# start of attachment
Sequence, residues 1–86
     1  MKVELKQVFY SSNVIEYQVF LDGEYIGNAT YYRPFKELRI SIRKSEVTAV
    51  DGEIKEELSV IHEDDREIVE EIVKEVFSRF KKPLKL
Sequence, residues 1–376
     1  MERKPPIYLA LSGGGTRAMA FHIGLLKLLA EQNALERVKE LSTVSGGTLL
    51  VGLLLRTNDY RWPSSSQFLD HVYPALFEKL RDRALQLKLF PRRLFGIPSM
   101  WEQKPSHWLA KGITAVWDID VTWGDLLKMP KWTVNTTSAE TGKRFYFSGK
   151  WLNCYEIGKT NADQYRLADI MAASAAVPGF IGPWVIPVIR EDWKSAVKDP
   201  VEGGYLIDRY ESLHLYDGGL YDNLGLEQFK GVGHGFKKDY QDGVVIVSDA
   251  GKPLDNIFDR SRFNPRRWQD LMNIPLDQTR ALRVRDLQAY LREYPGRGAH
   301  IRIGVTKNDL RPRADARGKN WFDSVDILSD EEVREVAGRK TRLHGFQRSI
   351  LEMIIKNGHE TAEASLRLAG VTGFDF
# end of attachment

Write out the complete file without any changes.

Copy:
Sequence, residues 1–86
     1  MKVELKQVFY SSNVIEYQVF LDGEYIGNAT YYRPFKELRI SIRKSEVTAV
    51  DGEIKEELSV IHEDDREIVE EIVKEVFSRF KKPLKL
Sequence, residues 1–376
     1  MERKPPIYLA LSGGGTRAMA FHIGLLKLLA EQNALERVKE LSTVSGGTLL
    51  VGLLLRTNDY RWPSSSQFLD HVYPALFEKL RDRALQLKLF PRRLFGIPSM
   101  WEQKPSHWLA KGITAVWDID VTWGDLLKMP KWTVNTTSAE TGKRFYFSGK
   151  WLNCYEIGKT NADQYRLADI MAASAAVPGF IGPWVIPVIR EDWKSAVKDP
   201  VEGGYLIDRY ESLHLYDGGL YDNLGLEQFK GVGHGFKKDY QDGVVIVSDA
   251  GKPLDNIFDR SRFNPRRWQD LMNIPLDQTR ALRVRDLQAY LREYPGRGAH
   301  IRIGVTKNDL RPRADARGKN WFDSVDILSD EEVREVAGRK TRLHGFQRSI
   351  LEMIIKNGHE TAEASLRLAG VTGFDF